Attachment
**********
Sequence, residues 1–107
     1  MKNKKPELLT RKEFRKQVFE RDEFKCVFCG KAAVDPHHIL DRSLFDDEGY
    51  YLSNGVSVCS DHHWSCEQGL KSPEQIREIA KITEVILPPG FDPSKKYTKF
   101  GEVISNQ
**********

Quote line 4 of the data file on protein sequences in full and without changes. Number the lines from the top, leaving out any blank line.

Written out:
   101  GEVISNQ